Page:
Internships are a growing expectation for new graduates in many industries. But is working for free always a good idea?
By Georgie Koch
Graduating uni is really hard. Your education is over – the only kind if life you’ve known since you were five years old – and now it’s time to be a big kid and find a job.
Only problem is, these days it’s pretty bloody hard. Youth unemployment sits at around 16 per cent, which is the highest it’s been since 1997. It’s well documented that participating in education will improve your prospects, but it’s no guarantee you’ll find employment.
Even if you’re a graduate, things are grim. Last year’s national Graduate Outcomes Survey found that 31.1 per cent of all graduates were not in full time work within six months of graduating. Over 26 per cent of undergraduates who were working full-time said that getting an “entry-level job or career stepping stone” was their main reason for not using their skills and education to full advantage.
Of course, the pandemic would have affected these stats, but the figures have been similar for years.
Internships as a foot in the door
Enter internships, both during and after study, as a way to get your foot in the door. They offer a way to get that oh-so-elusive professional experience every job description asks for but few employers are unwilling to provide.
But as we know from urban legends and The Devil Wears Prada, there is a difference between gaining experience and being exploited for free labour. This has caused quite a stir over the years, with some companies canning internship programs altogether as the result or fear of legal action. Condé Nast famously canned it’s US program in 2013 in the wake of a class-action lawsuit, but reintroduced it last year.
Legally internships fall into fifty shades of grey areas, as both the intern and employer gain something from the situation. They get the work for free and you get the experience, contacts or even a job at the end of it. And let’s face it, there aren’t usually internships going at your local shopping centre tax accountant, it’s your high-profile industries and companies that are most in demand. So if you gotta work for free for a bit to get there, then why not?
Making sure you’re benefitting
Last year, the Law Society of NSW put out a fact sheet outlining a person’s rights and responsibilities during internships. The Society recognised that internships offer important work experience for law students and graduates, but mentioned that it was a “complicated” area. They outlined four areas where internships should be considered beneficial, and these apply to any industry, not just Law:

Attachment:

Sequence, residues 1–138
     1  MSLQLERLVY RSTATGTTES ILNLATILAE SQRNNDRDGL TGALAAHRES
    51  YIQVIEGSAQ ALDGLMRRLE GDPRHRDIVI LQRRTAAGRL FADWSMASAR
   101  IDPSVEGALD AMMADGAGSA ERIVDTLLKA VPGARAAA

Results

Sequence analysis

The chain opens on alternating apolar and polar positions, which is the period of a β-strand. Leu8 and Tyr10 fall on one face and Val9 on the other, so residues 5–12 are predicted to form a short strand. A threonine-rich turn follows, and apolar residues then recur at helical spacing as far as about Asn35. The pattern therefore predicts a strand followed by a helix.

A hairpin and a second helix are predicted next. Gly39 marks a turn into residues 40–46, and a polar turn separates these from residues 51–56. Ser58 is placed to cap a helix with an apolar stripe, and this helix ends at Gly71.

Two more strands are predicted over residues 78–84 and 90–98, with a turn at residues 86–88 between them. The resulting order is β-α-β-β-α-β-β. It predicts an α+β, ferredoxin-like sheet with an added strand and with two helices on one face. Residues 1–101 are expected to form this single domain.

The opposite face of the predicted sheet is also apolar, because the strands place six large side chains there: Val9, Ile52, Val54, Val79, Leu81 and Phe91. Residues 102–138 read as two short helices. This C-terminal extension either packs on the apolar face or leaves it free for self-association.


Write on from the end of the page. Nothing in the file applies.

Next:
- Give a person experience in a job or industry.
- Test a person’s job skills to retain for future employment.
- Make a positive impact on the local community.
- Build networks with local universities and increase brand recognition.
So before entering into, or even during your time as an intern, here are a few things to think about to decide whether you’re being a prince(ss) and need to take a shot of concrete, or whether you’re actually being exploited for free work.
Do you even need to intern?
Internships look great on a resumé, but aren’t always required. I studied Communications, so it was pretty mandatory, but other industries aren’t so strict on this.
That said, working for free isn’t an option for everyone. If an internship isn’t something you can financially support, there are other options. Talk to people in your industry or maybe a career counsellor at uni about your chosen field.
If you can afford to take one on, do consider whether doing one will get you a better position. Experience in your chosen field will set you apart from the hundreds of other graduates going for the same job you’re after. Don’t underestimate the importance of listing some glowing experience above your part-time Macca’s job.
Do you need to harden the f*** up?
Most probably, yes. Lol, just kidding.
But seriously, internships aren’t meant to be super cruisey. As someone who takes on interns now, I know from an employer’s perspective they can often be more hassle than they’re worth. So don’t go in there with the attitude that you’re “doing the business a favour”. Depending on your performance, that might not be the case.
Yes, you will probably be asked to do all the shit jobs. But they should give you experience and possibly a good story.
If it makes you feel better, I once had to don the farm animal mascot suit of a certain brand of dessert and prance around Central Station in the background of an MX cover shoot being hugged and mooed at by random passers-by and homeless people. And I ended up being cropped out of the picture they used.
Does the good stuff outweigh the bad stuff?
The aforementioned shit jobs will inevitably come. But if they’re coming thick and fast with no glimmer of hope, then maybe you’re hooked into a bad situation.
If this sounds familiar, monitor the jobs you carry out over the course of a week. Regardless of how many days you’re there, classify the jobs into good and bad. Ahem, not ‘fun’ and ‘un-fun’, it’s about the value, not the enjoyment.
If the bad outweighs the good, then maybe it’s time to move to greener pastures.
Who is getting more benefit out of this?
You need to balance the see-saw here. As I said, you’re not doing a company more of a favour than they’re doing you by interning for them. You’ll inevitably ask stupid questions, make stuff ups and waste time before you get in your groove.
But as with the jobs list, weigh up how much experience you’re getting. How much weight this will carry when you go to step into the glorious world of monthly salaries, superannuation and annual leave?
And if none of this has been helpful whatsoever and you have more questions burning stronger than the fires of Mordor, visit www.fairwork.gov.au or call the Fair Work Infoline on 13 13 94.